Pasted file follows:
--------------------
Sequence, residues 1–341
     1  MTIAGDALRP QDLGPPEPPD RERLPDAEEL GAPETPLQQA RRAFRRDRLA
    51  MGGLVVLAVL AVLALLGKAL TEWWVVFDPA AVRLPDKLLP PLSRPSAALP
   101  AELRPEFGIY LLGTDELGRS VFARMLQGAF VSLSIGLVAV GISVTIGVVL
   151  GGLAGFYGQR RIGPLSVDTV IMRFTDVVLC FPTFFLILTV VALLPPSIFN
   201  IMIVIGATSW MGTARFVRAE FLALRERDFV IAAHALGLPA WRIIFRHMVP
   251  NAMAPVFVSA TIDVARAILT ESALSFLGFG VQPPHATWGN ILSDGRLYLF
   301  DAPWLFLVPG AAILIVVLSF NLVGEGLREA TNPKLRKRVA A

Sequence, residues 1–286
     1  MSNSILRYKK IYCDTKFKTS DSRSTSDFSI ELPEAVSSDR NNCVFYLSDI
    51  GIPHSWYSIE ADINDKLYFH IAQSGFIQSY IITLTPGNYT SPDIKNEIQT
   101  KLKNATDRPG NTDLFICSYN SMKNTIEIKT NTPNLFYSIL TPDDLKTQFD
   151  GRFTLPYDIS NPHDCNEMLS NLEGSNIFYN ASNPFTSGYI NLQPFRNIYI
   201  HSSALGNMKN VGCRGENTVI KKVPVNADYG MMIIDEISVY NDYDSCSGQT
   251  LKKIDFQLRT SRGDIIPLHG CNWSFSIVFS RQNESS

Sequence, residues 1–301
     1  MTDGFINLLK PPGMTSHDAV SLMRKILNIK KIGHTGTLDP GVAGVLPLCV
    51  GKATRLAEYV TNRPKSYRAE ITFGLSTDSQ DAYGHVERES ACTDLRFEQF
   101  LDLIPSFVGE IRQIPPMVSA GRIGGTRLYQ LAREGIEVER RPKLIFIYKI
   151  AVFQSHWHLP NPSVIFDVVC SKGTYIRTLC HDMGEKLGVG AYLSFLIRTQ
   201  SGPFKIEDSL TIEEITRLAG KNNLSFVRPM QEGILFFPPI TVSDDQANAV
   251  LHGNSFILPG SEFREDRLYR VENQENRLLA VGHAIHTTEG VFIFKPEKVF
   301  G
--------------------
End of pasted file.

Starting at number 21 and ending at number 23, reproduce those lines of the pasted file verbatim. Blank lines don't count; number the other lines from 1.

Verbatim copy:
   201  SGPFKIEDSL TIEEITRLAG KNNLSFVRPM QEGILFFPPI TVSDDQANAV
   251  LHGNSFILPG SEFREDRLYR VENQENRLLA VGHAIHTTEG VFIFKPEKVF
   301  G